Laura (wife of Chad, cheerfully unpossessed of any sort of design sense): OK, tell me about this whole Vegas furniture show situation. What is it like?
Chad (Straight Guy with a Design Eye): It’s truly insane. Picture three massive buildings full from floor to ceiling with anything you’d put in your home. Each floor has about as much merchandise as a typical shopping mall, and there are 14 floors in each building! So you’re sifting through 42 shopping malls worth of merchandise in a couple of days.
L: To be honest, that sounds nauseating to me. Who goes? Who do you see there?
Though it’s probably unwise to admit this publicly with so many years of carpooling still ahead of me, here it is: I’m a below-average driver. It’s something I came to terms with years ago. I don’t really like driving, and also I’m not very good at it. While learning to drive last year, my daughter was quick to confirm my self-evaluation. Now that she’s licensed I have officially dropped to third on the list of family drivers.
You like to think you would have been on the right side of history on the painfully obvious moral questions of the ages. You’d help hide Jews in Nazi Germany; you’d actively rebel against the horrors of slavery. You certainly wouldn’t tut tut about how awful it all is, then go back to raising your family amid such injustice and danger, securing your own comfort and achievements without much thought to others’ suffering.
The PHS Parents’ Club held its December meeting at Mulberry’s Home on “Giving Tuesday,” and it was an opportune time to feel thankful about the focus of all of our Parents’ Clubs. As Principal Daniels pointed out, we’re not in the position of other Bay Area districts forced to talk about escalating violence on campus, or an emotionally stifling, pressure-cooker academic atmosphere. Instead, we discussed professional development for the World Language department and the ongoing evolution of the math curriculum.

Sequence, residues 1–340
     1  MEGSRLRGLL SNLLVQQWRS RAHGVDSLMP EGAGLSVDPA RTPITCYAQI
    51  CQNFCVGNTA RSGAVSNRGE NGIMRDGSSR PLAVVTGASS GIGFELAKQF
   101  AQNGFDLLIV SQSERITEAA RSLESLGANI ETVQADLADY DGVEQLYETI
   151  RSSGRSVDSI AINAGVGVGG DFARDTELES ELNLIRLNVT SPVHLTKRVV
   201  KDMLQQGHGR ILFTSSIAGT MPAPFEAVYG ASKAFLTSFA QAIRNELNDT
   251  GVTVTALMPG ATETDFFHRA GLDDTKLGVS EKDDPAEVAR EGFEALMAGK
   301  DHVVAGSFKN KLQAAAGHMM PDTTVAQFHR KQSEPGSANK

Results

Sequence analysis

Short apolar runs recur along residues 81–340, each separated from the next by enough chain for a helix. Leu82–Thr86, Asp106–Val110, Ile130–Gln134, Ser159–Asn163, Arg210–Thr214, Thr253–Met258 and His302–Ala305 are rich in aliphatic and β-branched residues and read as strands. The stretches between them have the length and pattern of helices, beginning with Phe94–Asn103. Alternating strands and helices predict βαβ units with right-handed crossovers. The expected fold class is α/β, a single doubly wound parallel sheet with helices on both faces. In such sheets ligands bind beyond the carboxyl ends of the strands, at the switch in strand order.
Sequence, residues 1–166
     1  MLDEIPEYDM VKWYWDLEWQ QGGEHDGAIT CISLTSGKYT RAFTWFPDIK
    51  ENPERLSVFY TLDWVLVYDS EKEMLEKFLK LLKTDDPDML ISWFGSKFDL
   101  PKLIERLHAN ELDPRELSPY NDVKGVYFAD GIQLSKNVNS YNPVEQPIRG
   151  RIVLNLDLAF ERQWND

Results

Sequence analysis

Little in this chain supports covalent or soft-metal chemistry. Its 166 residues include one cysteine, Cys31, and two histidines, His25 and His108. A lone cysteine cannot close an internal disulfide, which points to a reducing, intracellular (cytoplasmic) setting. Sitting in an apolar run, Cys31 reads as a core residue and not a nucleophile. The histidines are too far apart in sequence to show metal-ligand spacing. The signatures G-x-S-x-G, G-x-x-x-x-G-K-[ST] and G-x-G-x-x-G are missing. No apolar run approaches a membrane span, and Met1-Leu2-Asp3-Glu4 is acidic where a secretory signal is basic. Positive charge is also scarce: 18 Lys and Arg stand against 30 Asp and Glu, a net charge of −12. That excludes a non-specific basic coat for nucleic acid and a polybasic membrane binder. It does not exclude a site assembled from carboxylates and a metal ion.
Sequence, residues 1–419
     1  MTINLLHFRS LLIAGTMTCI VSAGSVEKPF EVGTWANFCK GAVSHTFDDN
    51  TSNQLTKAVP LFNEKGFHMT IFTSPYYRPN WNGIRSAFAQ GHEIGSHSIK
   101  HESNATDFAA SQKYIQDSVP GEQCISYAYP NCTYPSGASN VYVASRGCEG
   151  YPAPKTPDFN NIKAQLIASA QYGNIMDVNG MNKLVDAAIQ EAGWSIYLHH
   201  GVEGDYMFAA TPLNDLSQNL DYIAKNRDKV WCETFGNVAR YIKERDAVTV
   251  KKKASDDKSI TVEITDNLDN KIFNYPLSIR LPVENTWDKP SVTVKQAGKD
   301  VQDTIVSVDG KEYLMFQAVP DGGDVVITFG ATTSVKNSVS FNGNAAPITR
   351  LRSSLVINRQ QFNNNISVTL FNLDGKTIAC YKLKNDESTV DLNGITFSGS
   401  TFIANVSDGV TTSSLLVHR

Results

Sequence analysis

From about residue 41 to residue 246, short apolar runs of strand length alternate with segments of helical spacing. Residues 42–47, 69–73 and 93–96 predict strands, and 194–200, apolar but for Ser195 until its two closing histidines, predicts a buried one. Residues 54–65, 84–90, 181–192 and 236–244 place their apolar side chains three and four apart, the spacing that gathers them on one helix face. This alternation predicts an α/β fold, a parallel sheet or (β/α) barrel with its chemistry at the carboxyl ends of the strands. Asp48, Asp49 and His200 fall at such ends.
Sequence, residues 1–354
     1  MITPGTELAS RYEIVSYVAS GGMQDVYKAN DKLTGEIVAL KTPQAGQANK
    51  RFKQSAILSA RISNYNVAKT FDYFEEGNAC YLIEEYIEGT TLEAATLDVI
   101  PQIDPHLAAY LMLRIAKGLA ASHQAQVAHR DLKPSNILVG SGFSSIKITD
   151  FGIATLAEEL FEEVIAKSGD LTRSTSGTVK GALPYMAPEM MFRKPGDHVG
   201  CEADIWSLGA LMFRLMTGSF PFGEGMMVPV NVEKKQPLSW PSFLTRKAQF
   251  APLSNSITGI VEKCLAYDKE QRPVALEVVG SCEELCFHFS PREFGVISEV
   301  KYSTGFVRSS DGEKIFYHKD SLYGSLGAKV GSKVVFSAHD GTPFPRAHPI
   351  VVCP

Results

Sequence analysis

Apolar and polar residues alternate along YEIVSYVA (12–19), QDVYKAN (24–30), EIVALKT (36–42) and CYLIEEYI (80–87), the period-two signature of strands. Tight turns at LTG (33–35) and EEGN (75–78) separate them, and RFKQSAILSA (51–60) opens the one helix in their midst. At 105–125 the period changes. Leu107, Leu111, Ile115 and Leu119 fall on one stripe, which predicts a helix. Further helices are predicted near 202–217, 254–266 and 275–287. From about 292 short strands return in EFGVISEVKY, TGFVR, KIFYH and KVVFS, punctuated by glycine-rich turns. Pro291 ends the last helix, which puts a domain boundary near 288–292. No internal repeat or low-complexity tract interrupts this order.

Like that sad, neglected dish of creamed onions we feel compelled to make every year, this column has become a Thanksgiving tradition I can’t shake. I didn’t submit it last year and got some grief from folks on the trot that they missed it, so I decided to give it a record fourth airing. When you bow your head this year before your feast, please join me in giving thanks to the professional turkey ‘stimulators’ who have made your entrée possible.
Thanksgiving is tomorrow. A common Mulberry’s Thanksgiving question (second only to “where’s your bathroom?” post-Turkey Trot) is whether we’ll be selling turkeys this year. We’d love to. We’ve looked into it, too, but realized that the logistics aren’t on our side. Turkeys are enormous. There’s space for approximately 4 ½ turkeys in our walk-in. So you see, we couldn’t have much of a program.
Have you heard the term ‘slackivism’? Coined in the era of Stop Kony and #BringBackOurGirls, it’s a negative-leaning term used to describe political or philanthropic actions some suspect provide more comfort and utility to the giver than to the intended recipient. It encompasses everything from temporarily filtering your Facebook profile photo to demonstrate your solidarity with marriage equality or Paris, to those websites my mom finds where you can click to send a daily bowl of rice to an impoverished child.
But here’s the thing. As Nicholas Kristof famously pointed out, armchair slactivism is a whole lot better than armchair apathy. And some of the initiatives dubbed ‘feel good’ by the cynics have produced tangible results on the exact issue they were intended to impact.
For most families, listening to an older relative opine on the good old days is as much a part of Thanksgiving as pumpkin pie and cranberry sauce. This year, NPR’s StoryCorps has seized upon what’s already happening to unveil an audaciously ambitious goal: to preserve the voices and stories of an entire generation of Americans over one holiday weekend. And we can all help.
If you’re not already a fan of Story Corps, some day when you have a few minutes, visit their webpage and browse through the stories of ordinary peoples’ lives, dreams, and experiences. From the mother who hugged her son’s murderer, to the 85-year-old lox slicer, to the man who tracked down the third grade teacher who comforted him 50 years earlier at his mother’s funeral, it’s a far more satisfying procrastination break than Facebook. Or even, dare I say it, Amy Schumer videos.